Posts by tag: Desmodromic

Ducati March 31, 2020 posted by

Turnkey Racebike: 1993 Ducati 750SS for Sale

Ducati’s air-cooled 750SS might seem like an unlikely candidate for a racebike build. By 1993, a two-valve Desmo twin was antiquated technology, a quirky, charming curio by the sportbike standards of the day. But although competition duties had been handed off to the liquid-cooled, four-valve superbikes by the early 90s, it’s important to remember that versions of the lighter, simpler Desmodue were powering Ducati’s racebikes all the way back in 1981.

The first Ducati to use the then-new engine was the 500SL Pantah, first sold in 1980. The Pantah engine was developed by Fabio Taglioni as a follow up to the beautifully-engineered, but expensive to build and service bevel-drive v-twins. It had single overhead cams driven by toothed rubber belts, and two Desmo-actuated valves per air-cooled cylinder. Race bikes built from this platform were light and nimble, but were eventually outclassed in terms of outright power and were typically competitive in smaller classes.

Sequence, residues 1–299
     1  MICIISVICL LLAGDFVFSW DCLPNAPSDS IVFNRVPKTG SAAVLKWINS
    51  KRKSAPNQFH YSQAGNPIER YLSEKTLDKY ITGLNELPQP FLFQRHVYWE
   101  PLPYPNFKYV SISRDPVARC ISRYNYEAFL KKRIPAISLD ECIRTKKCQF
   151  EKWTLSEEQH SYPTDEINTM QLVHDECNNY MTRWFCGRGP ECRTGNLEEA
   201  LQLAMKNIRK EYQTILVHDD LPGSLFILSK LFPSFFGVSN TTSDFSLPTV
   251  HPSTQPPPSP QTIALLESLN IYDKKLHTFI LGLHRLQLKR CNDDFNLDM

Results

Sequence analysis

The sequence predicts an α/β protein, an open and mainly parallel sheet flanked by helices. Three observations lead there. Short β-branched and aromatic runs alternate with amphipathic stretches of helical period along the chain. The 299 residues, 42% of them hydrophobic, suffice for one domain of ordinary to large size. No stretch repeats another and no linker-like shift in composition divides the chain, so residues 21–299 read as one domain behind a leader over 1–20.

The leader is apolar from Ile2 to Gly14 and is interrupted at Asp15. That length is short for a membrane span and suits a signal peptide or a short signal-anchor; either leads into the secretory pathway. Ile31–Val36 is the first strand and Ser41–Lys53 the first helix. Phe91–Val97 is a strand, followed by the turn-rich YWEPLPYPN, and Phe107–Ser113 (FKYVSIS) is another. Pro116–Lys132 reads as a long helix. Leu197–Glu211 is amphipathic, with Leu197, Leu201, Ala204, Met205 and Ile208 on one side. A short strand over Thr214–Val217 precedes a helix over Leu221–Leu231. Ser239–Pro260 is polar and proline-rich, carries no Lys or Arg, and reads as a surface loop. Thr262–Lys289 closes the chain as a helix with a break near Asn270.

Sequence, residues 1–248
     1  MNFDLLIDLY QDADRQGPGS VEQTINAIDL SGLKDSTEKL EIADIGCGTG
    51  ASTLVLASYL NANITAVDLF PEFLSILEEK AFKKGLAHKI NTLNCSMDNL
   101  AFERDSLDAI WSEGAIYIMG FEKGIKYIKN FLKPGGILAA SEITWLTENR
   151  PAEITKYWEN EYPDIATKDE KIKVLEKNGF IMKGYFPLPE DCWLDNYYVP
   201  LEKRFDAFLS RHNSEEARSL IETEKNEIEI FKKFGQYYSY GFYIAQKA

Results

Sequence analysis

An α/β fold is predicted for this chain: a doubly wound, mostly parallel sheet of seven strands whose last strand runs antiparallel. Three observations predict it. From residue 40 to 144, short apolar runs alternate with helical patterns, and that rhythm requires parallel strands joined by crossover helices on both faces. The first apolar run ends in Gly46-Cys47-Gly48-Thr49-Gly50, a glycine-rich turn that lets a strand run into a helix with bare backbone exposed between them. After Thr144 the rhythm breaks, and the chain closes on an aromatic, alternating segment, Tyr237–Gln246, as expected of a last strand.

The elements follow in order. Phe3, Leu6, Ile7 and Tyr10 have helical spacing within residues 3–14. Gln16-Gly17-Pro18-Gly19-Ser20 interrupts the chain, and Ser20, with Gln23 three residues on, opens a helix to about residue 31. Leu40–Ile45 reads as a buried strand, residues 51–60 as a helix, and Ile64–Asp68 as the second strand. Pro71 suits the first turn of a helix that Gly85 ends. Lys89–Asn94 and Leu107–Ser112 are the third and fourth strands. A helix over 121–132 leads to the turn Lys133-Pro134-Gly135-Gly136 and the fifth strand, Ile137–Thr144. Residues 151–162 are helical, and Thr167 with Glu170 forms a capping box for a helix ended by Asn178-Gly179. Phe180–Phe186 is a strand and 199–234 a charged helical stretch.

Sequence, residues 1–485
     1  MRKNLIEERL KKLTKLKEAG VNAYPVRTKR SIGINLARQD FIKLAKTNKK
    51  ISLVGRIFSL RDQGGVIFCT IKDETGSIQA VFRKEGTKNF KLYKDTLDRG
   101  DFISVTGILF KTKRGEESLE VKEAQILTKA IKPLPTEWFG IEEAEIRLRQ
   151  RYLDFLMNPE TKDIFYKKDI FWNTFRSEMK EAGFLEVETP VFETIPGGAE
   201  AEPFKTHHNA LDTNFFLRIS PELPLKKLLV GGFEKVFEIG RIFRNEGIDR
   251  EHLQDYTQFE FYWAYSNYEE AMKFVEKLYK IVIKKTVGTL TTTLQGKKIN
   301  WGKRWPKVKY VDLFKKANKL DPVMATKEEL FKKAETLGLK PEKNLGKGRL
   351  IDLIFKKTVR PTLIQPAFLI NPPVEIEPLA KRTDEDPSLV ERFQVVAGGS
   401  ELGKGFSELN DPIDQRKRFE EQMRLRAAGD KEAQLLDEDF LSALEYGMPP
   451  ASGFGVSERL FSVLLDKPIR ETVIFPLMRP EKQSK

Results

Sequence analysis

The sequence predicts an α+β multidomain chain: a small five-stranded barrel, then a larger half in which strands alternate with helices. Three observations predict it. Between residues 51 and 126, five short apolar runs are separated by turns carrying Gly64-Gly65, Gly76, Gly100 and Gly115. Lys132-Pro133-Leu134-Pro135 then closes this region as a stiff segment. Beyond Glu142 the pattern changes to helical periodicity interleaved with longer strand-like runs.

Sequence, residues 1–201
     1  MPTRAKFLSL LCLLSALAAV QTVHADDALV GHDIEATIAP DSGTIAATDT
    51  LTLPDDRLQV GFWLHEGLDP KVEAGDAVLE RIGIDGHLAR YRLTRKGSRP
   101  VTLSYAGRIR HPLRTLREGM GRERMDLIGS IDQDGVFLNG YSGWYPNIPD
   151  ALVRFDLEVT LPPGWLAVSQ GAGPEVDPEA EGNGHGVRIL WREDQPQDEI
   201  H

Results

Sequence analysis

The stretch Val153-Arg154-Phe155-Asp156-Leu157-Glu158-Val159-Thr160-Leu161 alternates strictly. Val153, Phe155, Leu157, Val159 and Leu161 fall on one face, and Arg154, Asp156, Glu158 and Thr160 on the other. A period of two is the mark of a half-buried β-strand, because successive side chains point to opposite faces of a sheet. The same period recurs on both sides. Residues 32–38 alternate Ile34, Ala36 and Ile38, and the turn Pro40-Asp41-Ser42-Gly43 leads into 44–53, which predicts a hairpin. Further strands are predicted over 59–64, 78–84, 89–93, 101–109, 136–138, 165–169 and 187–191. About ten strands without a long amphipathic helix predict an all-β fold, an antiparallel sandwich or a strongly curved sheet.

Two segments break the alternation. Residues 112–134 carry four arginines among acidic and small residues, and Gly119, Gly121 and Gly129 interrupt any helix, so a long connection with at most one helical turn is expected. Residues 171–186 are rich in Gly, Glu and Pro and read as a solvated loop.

Ultimately, larger variations of the Pantah engine found their way into Ducati’s second-tier sportbikes like the 900SS and the 750SS seen here. They were sold alongside the painfully expensive 851/888 and 916 that followed as a more affordable, easier-to-maintain alternative to those much more exotic machines. Power may not have been overwhelming, but the bones are good, and those Supersports machines provide excellent handling to go with their thumping Ducati charm.

From the original eBay listing: 1993 Ducati 750SS Race Bike for Sale

1993 Ducati 750 Supersport vintage racing bike: